Mistakes to Avoid When You Negotiate Salary

Mistakes to Avoid When You Negotiate Salary NYC

Salary negotiations is a critical part of the job search process. You want to negotiate salary from a position of strength. There are some common mistakes you should avoid when you negotiate salary for your next job. Making a good salary can give you the freedom to do so many things. It can help you pay off debt, travel more, save for retirement or a rainy day and stop worrying so much about your financial situation.

Less Is More

Typically, a recruiter or hiring manager will ask what your current salary is. They do that so they can determine what’s the lowest salary they can offer you to take the job. There are rules surrounding asking salary information but not everyone in positions of authority are aware of that and some disregard it entirely. So that means you are both at different ends of the spectrum. You want to make as much as possible and they want to be as profitable as possible which may mean paying you as little as possible.

Salary Range

Do your best to avoid answering the salary range question. Whoever speaks first, loses the negotiation so to speak. If they raise the salary question, turn it around and ask them what salary range they have in mind for the position. It’s their job to make the offer, not yours. If you make the first move, you lose your position of strength.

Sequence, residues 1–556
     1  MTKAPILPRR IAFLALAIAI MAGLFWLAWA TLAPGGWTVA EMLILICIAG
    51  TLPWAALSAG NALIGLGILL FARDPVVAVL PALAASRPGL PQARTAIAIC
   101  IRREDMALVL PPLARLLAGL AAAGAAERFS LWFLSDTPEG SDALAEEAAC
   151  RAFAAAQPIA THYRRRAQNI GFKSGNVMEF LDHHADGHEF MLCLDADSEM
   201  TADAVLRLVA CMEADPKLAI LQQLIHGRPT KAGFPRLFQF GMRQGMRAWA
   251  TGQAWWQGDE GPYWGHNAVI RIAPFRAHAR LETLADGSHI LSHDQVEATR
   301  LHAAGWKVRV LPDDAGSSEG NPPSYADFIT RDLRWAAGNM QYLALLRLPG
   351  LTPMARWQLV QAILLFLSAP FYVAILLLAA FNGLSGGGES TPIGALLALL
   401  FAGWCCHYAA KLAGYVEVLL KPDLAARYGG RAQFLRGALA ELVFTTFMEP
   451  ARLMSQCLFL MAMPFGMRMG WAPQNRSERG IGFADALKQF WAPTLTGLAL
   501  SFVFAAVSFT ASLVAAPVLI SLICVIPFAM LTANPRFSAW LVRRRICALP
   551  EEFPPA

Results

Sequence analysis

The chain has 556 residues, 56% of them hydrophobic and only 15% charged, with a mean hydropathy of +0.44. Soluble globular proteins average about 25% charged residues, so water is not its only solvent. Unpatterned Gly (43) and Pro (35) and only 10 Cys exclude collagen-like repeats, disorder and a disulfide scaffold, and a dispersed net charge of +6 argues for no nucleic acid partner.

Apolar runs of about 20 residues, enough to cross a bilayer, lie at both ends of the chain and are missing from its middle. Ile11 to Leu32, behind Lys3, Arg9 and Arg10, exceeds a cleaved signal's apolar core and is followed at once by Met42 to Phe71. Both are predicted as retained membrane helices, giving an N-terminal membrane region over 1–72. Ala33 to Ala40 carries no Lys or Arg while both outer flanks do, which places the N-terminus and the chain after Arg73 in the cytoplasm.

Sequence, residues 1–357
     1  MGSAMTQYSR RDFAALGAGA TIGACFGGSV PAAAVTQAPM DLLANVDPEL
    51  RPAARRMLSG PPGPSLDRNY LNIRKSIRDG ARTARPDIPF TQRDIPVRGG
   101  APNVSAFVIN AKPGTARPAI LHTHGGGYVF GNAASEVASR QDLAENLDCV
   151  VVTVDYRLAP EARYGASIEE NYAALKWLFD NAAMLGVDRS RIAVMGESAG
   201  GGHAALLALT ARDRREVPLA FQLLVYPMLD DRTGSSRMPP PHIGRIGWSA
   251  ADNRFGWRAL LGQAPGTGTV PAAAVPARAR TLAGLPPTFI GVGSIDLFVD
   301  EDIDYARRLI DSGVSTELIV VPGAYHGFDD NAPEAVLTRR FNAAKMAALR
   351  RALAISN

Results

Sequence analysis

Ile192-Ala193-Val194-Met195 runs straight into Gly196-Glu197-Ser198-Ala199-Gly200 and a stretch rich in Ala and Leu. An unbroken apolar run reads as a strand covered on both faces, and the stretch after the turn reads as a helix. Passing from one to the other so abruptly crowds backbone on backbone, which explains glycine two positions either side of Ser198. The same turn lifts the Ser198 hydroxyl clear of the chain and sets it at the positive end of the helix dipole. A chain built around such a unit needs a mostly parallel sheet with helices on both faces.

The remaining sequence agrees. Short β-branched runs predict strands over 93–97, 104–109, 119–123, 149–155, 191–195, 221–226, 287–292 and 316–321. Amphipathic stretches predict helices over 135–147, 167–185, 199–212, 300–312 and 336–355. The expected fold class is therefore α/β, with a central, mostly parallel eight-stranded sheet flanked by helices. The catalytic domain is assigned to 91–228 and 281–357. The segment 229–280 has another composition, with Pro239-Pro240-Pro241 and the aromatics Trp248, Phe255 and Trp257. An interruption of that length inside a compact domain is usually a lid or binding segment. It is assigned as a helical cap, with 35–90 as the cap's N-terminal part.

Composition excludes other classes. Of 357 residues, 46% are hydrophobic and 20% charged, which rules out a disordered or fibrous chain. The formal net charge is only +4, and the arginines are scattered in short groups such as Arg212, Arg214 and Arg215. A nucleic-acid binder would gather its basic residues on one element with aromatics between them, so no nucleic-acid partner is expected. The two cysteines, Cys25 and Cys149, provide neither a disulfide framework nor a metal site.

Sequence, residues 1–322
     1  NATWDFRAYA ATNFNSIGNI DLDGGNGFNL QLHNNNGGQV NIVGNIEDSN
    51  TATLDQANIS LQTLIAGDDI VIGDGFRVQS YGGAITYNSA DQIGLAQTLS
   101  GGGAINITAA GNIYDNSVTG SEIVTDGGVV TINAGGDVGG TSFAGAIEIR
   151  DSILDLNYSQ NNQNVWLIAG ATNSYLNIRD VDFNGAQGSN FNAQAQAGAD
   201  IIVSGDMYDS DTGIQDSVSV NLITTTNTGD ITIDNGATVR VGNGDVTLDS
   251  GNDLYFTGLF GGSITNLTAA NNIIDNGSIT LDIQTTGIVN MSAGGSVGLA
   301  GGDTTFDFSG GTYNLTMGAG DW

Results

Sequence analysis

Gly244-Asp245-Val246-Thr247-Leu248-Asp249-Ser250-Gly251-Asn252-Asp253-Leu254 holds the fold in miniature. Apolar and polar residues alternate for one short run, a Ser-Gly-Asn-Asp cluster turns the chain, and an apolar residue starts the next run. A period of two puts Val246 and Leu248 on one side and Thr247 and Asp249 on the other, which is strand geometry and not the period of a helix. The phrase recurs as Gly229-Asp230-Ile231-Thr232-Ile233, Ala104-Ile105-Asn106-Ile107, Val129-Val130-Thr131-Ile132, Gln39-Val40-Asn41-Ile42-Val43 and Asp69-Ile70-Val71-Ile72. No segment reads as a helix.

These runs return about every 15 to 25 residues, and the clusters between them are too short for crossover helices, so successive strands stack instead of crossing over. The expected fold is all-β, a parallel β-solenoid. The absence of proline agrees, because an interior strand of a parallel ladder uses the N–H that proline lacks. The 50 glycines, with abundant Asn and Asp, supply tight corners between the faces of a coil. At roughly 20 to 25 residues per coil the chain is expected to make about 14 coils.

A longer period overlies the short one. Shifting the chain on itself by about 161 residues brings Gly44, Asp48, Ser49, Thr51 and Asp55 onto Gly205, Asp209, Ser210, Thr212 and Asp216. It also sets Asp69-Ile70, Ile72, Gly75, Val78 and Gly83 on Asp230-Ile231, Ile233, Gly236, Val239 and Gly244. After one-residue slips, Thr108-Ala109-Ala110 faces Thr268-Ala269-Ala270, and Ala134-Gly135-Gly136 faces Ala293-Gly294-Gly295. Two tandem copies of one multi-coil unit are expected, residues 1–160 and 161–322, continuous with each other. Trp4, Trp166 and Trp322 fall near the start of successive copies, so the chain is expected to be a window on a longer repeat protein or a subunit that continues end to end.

Honesty Without Playing All Your Cards

If you have another job offer, it’s a good idea to share that information and ask for their timeframe in making a decision if you are at the final stage. If you are less than thrilled about this job offer, no need to share that with them. It’s always good to show that you are a sought after candidate without being boastful in your communications. Typically, don’t share the company name especially if that company is not an industry leader. Always be truthful but don’t over share. Don’t say you have a job offer if you don’t and don’t lie about your current salary.

If an offer is extended, show enthusiasm and appreciation but let them know you will need a couple of days to think it over. I think about that Seinfeld episode when Kramer sued the coffee company because the coffee was too hot. They said something to the effect of “We want to offer you free coffee for life AND”; before they even finished making the better part of the offer, he accepted. That’s what you want to avoid. It’s striking a balance of showing interest but not appearing overly eager or desperate.

It’s like a chess match or a dance and you should give them the opportunity to lay their cards before the negotiations begin. We all want to make more money of course. It’s critical that you are valued and compensated in accordance with your worth. Certainly, there are many factors to consider with a job offer. When you negotiate salary, although it can be a bit awkward at times, it’s a key piece of the job search process so be prepared.